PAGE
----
Though the presidential box of the Belasco Theatre is decorated with a pleated patriotic flag, it remained empty on Thursday night when Michael Moore made his Broadway debut with his one-man show The Terms of My Surrender. “I sent an invitation for Trump to come tonight,” he said. “There are two seats and two tiny opera gloves for him to wear. … Even [Steve] Bannon can come, as long as he doesn’t blow himself.”
Directed by Michael Mayer, the new play — which Moore describes as a “12-step meeting for the Democratic Party” and runs through Oct. 22 — is segmented to resemble a political rally, an autobiography, an interview segment with a surprise guest and, yes, a head-to-head game show. Despite an initial audio snafu and a brief lull while searching for audience participants, the opening-night performance went smoothly, without protesters outside or hecklers inside. And when Moore misspoke by saying Abraham Lincoln didn’t free slaves, he just laughed it off and said, “First time on Broadway!”
Thursday’s performance included punchlines commenting on the latest political headlines, which Moore said he’s reading for material until half an hour before curtain. “It’s not enough though,” he told The Hollywood Reporter afterward. “One night, when Keith Olbermann was the surprise guest — I had already [commented] on the latest news, and he walked out with his phone and read something new to the audience!”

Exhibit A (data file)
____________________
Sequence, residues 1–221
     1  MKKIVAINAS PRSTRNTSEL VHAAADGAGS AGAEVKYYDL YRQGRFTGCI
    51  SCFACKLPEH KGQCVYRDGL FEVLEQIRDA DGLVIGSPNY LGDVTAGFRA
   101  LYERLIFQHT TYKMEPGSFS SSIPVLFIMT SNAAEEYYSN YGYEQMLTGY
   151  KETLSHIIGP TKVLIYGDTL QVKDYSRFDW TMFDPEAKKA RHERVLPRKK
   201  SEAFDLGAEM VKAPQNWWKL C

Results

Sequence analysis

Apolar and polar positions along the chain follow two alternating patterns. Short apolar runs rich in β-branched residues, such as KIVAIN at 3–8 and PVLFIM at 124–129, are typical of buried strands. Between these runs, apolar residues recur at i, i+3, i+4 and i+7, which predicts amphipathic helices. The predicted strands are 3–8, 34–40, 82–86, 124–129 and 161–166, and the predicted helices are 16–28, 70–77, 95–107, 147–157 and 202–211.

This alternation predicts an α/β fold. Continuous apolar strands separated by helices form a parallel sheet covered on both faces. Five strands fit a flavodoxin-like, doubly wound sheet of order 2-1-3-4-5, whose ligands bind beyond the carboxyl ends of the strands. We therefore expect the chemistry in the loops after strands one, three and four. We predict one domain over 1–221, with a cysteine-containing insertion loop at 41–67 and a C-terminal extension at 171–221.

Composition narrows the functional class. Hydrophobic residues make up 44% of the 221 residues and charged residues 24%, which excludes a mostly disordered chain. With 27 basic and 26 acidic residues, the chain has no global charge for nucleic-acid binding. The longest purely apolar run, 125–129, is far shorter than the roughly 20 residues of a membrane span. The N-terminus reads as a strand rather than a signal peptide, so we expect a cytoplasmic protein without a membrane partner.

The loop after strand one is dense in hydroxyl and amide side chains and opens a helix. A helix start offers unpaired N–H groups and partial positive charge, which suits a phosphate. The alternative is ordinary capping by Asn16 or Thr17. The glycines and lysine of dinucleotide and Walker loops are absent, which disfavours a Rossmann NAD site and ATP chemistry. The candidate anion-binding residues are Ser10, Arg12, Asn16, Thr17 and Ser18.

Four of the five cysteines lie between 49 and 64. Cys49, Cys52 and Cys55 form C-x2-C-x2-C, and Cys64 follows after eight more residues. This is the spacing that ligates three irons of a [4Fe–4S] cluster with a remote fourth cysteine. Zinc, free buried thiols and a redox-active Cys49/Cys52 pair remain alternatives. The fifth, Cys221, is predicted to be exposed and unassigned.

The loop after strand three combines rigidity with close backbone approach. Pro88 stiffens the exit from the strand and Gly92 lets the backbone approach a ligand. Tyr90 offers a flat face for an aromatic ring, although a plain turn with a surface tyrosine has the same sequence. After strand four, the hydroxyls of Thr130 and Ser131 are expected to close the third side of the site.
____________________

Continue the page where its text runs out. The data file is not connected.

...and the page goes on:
The show’s previews also welcomed Bryan Cranston, Maxine Waters and Judah Friedlander, and upcoming guests include Rosie O’Donnell and, possibly, Madonna, according to a representative of the production.
On opening night, the guest was Gloria Steinem. The legendary activist and journalist joined Moore onstage for a candid conversation about someday getting the Equal Rights Amendment passed, abolishing the electoral college and generally staying vigilant in the Trump era.
“I don’t have the answers, but you have to remember though, I’m a hope-aholic,” explained Steinem, who received a standing ovation after her appearance. “Though it’s incredibly dangerous what happened — and it is, as you pointed out, the result of a perfect storm — we are woke now. We are seriously woke. … It’s a thousand times more because it’s all age groups and the anti-Vietnam movement was largely young people, and it’s geographically everywhere where the civil rights movement was not as much in the whole country as it should have been. It’s just huge. It is the majority, it’s people just doing whatever we can, which is the key.”
Tony Bennett, Dan Rather, Christie Brinkley, Anna Deavere Smith, Josh Lucas and O’Donnell were among the opening-night attendees. When O’Donnell was referenced in the show, she raised her hand with a laugh. After the performance, Moore, Steinem, Brinkley and others walked to the afterparty at the Bryant Park Grill, where the newly-minted stage star spoke freely about Monday’s divisive Bachelorette finale: “Of course it should’ve been Peter [Kraus]! He wanted the relationship, but he wasn’t ready to propose and that’s okay. Go have the relationship!” he shouted. “Am I the only one on the left who watches Bachelorette? Me and Noam Chomsky.”